By Mel Minter
Matt Wilson's Arts and Crafts The Scenic Route (Palmetto Records)
Drummer Wilson’s nimble crew (Terrell Stafford, trumpet, flügelhorn; Gary Versace, piano, organ, accordion; Dennis Irwin, bass, clarinet), with assistance from a female vocal trio, take straight-ahead jazz on a winding and thoroughly refreshing tour. The “sonic spots of interest” include four originals from Wilson (including the Booker T–ish title track), Monk, O. Coleman, Metheny, Hutcherson, D. Ayler, Lennon and one standard. Stafford—a paradigm of precision, economy and edge—finds every emotional seam. Driven by the joyful, geometric and continuously variable propulsion of Wilson’s drum kit, Arts and Crafts swings exuberantly through the tightest corners and cruises with the top down.
Kendra Shank A Spirit Free: Abbey Lincoln Songbook (Challenge Records)
Abbey Lincoln’s music is a far cry from the usual songbook-material, familiar standards whose easy appeal has already captivated a generation or two. Lincoln’s music is thorny, almost inextricably associated with her voice, and its complete realization requires a kind of spiritual authority as much as musical intelligence and vocal ability. Enter Kendra Shank. Her forthright emotional clarity, intimate delivery and personal phrasing—not to mention a top-flight backing band she’s worked with for eight years, including the especially sympathetic Frank Kimbrough on piano—shine new light on Lincoln’s compositions, reilluminating these gems in compelling performances that deserve attention.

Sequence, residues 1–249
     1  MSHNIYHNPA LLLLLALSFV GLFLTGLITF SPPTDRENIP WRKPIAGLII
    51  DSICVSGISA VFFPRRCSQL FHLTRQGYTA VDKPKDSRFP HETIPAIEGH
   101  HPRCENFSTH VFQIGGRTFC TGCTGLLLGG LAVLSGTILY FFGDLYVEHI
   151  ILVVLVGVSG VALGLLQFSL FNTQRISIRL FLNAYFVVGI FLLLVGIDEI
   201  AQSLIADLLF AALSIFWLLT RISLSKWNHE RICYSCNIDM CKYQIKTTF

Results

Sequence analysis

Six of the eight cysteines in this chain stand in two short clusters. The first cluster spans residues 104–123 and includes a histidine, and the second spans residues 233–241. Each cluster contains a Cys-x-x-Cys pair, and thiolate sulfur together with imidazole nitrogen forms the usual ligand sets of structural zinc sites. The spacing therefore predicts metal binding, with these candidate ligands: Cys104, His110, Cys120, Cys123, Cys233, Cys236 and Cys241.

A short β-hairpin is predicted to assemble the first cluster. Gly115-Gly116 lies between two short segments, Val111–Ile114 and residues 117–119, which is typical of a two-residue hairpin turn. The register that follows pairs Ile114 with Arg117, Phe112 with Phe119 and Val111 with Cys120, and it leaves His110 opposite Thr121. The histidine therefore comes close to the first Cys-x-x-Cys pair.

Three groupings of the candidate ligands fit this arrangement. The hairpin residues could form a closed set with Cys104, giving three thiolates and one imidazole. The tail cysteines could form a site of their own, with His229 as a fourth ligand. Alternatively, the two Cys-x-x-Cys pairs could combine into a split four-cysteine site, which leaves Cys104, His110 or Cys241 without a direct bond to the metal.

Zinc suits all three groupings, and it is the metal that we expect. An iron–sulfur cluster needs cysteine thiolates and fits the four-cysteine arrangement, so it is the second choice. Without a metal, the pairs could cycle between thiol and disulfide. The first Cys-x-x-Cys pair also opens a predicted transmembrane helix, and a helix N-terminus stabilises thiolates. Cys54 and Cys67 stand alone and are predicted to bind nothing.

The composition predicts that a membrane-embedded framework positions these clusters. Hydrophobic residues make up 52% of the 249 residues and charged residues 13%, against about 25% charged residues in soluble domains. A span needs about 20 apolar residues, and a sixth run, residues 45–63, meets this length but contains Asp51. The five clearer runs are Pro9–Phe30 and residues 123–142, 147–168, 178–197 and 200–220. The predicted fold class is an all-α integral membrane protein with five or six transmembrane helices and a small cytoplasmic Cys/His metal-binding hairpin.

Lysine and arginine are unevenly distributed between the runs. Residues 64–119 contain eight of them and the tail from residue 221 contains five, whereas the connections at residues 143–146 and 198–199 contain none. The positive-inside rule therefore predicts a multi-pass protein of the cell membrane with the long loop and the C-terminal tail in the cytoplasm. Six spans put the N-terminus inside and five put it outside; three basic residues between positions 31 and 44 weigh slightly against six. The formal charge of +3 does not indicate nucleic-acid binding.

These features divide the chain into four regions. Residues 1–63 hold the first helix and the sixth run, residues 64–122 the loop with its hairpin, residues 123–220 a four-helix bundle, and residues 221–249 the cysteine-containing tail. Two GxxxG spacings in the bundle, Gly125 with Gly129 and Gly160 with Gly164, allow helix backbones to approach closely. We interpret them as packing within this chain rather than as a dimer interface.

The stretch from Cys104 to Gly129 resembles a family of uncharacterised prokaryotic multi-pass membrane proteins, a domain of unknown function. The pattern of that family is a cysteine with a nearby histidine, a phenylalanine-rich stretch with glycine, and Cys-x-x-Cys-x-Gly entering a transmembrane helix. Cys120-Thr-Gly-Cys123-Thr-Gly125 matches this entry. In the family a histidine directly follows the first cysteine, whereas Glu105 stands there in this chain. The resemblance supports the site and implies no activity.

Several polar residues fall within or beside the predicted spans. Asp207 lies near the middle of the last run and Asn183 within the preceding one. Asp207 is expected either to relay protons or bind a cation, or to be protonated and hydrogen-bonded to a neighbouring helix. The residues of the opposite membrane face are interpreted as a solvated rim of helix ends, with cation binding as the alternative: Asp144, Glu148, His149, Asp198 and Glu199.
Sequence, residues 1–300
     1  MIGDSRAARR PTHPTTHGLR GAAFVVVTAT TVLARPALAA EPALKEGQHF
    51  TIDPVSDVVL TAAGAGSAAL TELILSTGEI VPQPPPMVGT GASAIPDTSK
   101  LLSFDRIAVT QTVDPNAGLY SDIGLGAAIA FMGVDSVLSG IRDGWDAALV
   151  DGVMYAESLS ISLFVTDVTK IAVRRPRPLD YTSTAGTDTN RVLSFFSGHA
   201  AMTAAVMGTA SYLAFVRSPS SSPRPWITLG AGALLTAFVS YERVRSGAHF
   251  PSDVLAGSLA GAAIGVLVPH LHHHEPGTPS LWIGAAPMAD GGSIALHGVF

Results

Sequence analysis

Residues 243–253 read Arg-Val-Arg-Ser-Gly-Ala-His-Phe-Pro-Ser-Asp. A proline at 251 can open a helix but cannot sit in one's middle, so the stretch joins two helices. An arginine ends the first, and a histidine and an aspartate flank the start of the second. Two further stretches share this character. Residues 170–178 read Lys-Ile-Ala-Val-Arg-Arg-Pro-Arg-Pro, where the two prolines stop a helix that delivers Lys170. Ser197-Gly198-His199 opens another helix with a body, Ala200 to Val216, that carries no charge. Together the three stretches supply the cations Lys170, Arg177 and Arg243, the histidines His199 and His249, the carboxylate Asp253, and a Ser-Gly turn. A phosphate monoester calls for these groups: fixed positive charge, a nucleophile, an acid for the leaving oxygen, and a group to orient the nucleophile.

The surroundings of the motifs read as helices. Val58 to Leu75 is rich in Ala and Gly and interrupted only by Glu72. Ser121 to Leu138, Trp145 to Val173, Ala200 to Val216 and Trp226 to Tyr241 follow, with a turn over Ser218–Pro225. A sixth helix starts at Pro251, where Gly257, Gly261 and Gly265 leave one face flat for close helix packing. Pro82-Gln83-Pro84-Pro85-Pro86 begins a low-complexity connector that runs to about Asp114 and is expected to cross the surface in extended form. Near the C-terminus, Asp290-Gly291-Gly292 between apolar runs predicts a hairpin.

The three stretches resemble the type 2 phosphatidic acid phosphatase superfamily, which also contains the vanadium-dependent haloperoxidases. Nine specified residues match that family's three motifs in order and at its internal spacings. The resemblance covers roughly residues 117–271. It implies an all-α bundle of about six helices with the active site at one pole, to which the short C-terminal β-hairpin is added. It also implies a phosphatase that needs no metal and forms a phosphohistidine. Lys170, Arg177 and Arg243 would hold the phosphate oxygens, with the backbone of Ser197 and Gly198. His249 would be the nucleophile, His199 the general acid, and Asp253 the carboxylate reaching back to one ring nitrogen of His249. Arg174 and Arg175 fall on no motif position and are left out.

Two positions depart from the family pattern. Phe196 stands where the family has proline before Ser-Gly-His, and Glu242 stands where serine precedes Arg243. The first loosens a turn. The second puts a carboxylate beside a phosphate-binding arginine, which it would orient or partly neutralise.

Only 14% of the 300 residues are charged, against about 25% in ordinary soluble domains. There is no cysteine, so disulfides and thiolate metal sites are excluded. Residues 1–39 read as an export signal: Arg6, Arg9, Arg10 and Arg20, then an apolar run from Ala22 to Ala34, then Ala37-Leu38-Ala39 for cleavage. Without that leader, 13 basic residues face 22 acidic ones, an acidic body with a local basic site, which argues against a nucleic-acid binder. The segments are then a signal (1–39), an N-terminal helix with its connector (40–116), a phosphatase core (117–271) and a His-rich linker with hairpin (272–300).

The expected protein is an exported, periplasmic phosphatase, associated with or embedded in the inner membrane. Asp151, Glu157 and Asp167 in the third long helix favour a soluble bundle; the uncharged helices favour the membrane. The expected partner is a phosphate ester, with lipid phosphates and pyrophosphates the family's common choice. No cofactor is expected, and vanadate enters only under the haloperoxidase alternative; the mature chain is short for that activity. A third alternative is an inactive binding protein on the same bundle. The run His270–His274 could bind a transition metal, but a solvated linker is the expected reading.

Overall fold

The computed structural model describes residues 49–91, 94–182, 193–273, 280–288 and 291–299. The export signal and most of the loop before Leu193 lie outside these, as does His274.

Justin Ray Justin Ray (J Ray Music)
Albuquerque trumpeter Justin Ray’s self-titled CD could be titled Kick-Ass Straight-Ahead Jazz Played with Passion. Backed by a sympathetic and inventive rhythm section—Randy Napoleon, laconic guitar; Jared Gold, steamy organ; Quincy Davis, crisp drums—Ray goes to town on six of his originals, another by Napoleon and the standard “Embraceable You,” done as a lovely duet with Napoleon. Everybody plays with concentrated boppish fire, yet they sink nicely into their sensitive selves on the ballads. Ray’s handsome compositions provide plenty of elbow room.
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